Senate confirms Neil Gorsuch to the supreme court after historic rules change
The Guardian – Lauren Gambino in Washington – Friday 7 April 2017
Gorsuch, Trump’s pick to fill Antonin Scalia’s seat, is in after a three-day hearing and a debate that included an all-night protest by a Democratic senator.
Donald Trump welcomed the first major triumph of his presidency on Friday when the Senate confirmed Neil Gorsuch to the supreme court in an anticlimactic ending to the unprecedented partisan showdown over the vacancy caused by the death of Justice Antonin Scalia.
Gorsuch was approved by a vote of 54 to 45 after a marathon three-day hearing, a floor debate that included an all-night protest by a Democratic senator and a historic rules change that allowed his nomination to go forward on a simple majority. The White House said on Friday that Trump would swear in Gorsuch on Monday morning.
In a statement on Friday, Trump hailed Gorsuch’s “historic confirmation”, the first supreme court appointment of his presidency, and said he was the “perfect choice” to serve on the country’s highest court because of his “his judicial temperament, exceptional intellect, unparalleled integrity, and record of independence”.
“As a deep believer in the rule of law, Judge Gorsuch will serve the American people with distinction as he continues to faithfully and vigorously defend our constitution,” Trump said.
Mike Pence presided over the chamber as senators filed in to cast their votes. In the final tally, three Democrats joined Republicans to confirm Gorsuch: Heidi Heitkamp of North Dakota, Joe Manchin of West Virginia and Joe Donnelly of Indiana. One senator, Republican Johnny Isakson of Georgia, did not vote.
The narrow victory, split mostly along party lines, is an illustration of the entrenched political polarization in Washington and an indicator of how future battles over supreme court nominees might be decided. Republicans’ decision to “go nuclear” to bypass a Democratic blockade swept away any hope of returning to the recent past, when nominees were largely confirmed with a bipartisan consensus.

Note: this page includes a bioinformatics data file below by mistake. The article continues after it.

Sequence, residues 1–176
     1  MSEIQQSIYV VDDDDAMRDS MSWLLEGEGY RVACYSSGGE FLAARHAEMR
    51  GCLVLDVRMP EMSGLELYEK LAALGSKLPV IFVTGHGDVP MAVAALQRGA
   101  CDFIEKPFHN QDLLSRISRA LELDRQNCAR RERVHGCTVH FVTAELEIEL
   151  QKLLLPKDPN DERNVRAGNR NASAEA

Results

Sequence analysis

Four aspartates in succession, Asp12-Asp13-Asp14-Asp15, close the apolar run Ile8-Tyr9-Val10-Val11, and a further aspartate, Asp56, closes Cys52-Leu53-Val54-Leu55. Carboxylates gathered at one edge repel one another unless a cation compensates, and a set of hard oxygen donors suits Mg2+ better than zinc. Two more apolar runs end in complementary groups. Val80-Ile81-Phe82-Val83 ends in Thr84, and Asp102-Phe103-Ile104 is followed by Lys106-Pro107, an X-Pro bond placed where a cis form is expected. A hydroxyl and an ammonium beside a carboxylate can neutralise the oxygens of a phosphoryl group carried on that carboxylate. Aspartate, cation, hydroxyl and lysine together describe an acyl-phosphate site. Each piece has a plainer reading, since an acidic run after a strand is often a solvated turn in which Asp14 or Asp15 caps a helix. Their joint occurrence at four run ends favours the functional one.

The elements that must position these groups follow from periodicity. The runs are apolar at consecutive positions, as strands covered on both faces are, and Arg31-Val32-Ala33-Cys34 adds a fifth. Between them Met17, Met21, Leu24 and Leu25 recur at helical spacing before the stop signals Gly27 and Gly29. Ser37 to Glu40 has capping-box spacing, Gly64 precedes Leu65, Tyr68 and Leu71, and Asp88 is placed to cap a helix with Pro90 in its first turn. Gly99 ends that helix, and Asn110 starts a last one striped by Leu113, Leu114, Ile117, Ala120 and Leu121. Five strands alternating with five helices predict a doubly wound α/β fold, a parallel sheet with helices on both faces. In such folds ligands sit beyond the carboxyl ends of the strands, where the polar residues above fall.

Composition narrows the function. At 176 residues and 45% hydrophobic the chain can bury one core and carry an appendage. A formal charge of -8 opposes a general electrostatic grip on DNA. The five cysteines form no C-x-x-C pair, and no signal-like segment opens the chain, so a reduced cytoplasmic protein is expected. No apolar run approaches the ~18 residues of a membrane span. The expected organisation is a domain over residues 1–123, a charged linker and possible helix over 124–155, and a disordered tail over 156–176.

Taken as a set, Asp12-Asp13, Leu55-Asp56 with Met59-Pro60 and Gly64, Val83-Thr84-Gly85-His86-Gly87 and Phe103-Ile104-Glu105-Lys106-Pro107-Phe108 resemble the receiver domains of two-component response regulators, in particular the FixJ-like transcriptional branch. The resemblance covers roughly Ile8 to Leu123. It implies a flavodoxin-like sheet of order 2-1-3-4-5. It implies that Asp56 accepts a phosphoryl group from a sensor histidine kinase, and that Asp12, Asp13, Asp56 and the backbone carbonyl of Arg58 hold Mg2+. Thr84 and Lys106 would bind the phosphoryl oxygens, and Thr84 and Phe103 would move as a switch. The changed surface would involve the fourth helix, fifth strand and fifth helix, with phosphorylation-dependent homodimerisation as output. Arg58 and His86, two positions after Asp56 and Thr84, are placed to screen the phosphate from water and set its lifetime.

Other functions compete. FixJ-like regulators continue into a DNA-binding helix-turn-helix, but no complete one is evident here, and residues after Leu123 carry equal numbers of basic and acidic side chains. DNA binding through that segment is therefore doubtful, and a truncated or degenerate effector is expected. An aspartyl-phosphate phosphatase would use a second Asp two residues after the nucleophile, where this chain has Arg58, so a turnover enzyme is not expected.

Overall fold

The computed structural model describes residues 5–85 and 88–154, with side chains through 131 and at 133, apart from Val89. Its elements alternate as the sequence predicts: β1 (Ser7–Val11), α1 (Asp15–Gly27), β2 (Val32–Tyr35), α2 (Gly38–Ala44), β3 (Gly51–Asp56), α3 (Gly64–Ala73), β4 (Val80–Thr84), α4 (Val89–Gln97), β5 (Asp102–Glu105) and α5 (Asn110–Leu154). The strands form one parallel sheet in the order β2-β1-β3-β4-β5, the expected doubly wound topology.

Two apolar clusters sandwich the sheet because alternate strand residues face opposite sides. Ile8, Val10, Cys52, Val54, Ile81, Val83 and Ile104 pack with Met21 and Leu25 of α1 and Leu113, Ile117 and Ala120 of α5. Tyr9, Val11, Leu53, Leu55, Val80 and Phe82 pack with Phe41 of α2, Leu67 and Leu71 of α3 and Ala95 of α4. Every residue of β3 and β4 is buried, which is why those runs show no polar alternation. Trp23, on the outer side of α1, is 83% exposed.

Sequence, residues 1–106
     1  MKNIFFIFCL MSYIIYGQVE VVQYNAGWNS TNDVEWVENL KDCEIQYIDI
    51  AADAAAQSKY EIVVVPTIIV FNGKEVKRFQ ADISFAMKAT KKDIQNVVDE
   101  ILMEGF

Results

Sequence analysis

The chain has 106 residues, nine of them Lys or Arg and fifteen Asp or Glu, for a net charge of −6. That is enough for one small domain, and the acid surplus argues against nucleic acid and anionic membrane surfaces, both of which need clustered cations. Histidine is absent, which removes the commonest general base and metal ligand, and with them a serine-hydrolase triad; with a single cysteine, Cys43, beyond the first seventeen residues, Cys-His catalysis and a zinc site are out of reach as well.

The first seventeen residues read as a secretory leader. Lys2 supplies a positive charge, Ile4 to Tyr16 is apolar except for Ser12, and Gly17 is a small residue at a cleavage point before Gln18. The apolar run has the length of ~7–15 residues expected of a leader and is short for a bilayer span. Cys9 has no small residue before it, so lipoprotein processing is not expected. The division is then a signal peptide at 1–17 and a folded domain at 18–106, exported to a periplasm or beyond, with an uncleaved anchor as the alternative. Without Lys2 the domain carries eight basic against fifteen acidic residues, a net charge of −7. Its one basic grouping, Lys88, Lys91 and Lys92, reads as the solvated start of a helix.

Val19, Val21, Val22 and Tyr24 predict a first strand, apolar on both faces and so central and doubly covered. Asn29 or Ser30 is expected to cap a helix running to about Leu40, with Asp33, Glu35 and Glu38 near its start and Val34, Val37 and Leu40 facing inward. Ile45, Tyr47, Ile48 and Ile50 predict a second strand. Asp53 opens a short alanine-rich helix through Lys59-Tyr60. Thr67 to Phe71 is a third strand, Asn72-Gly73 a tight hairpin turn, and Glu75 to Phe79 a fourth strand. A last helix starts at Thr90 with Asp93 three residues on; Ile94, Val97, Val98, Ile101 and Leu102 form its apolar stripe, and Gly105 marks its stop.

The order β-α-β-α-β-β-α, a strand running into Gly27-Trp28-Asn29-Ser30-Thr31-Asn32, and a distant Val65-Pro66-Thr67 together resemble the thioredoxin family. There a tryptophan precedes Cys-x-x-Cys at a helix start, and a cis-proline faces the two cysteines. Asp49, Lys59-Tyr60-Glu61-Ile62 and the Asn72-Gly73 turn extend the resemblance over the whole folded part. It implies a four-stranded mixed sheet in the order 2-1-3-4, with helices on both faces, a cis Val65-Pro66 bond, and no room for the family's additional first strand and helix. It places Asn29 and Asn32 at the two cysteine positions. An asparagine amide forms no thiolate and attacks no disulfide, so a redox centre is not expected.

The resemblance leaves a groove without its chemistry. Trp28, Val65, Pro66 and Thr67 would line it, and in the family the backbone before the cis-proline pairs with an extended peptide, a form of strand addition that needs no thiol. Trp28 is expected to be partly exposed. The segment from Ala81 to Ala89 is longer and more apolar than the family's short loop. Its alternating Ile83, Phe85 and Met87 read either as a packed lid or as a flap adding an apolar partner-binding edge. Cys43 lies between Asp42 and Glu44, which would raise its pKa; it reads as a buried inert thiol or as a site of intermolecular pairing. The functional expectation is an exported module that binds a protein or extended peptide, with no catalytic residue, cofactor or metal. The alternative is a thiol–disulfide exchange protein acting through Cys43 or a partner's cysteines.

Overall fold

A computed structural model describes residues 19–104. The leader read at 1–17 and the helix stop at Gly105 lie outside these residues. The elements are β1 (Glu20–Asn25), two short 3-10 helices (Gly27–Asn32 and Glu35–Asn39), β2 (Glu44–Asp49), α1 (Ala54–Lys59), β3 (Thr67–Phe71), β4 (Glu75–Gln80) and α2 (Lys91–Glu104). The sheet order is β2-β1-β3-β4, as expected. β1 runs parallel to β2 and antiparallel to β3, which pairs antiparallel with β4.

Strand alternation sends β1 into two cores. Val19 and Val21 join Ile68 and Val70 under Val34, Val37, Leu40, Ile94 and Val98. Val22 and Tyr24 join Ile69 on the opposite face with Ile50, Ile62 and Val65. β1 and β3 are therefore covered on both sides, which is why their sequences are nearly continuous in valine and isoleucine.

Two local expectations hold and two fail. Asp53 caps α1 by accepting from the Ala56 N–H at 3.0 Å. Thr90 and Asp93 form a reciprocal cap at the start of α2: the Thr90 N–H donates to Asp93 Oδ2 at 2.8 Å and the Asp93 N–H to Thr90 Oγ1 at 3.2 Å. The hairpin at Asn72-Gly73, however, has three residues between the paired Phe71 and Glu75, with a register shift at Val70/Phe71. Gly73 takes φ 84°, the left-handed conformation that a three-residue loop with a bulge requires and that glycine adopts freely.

Gorsuch is a Colorado native with an Ivy League résumé that includes degrees from Columbia University and Harvard Law School as well as a doctorate from Oxford University, where he studied on a Marshall scholarship. For the past decade, he has served on the 10th circuit court of appeals. He was appointed to that seat in 2005 by George W Bush, and, by contrast, confirmed expeditiously – the Senate approved him on a voice vote with no objections.
At just 49, the staunch conservative could have a long tenure, though his confirmation restores the ideological tilt of the court, which is often narrowly divided five to four on major decisions.
Gorsuch will replace Scalia, the court’s conservative colossus whose death in February 2016 instantly altered the dynamics of the presidential race. From the bench, Scalia elevated the judicial theory of originalism, to which Gorsuch adheres.
Throughout the campaign, Trump promised to appoint a “pro-life” justice to the court. Gorsuch has never ruled directly on abortion and his testimony during the hearing hardly settled the matter. A passage from his book, The Future of Assisted Suicide and Euthanasia, indicates “all human beings are intrinsically valuable”, adding that “the intentional taking of human life by private persons is always wrong” – an assertion many have taken as indicative of his position on abortion.
In his most high-profile decision, Hobby Lobby Stores, Inc v Sebelius, Gorsuch argued that the owners of the multibillion-dollar craft store did not need to comply with a provision of Barack Obama’s healthcare law requiring employers to offer birth control to female employees because it violated their religious beliefs. The decision was upheld, five to four, by the supreme court.
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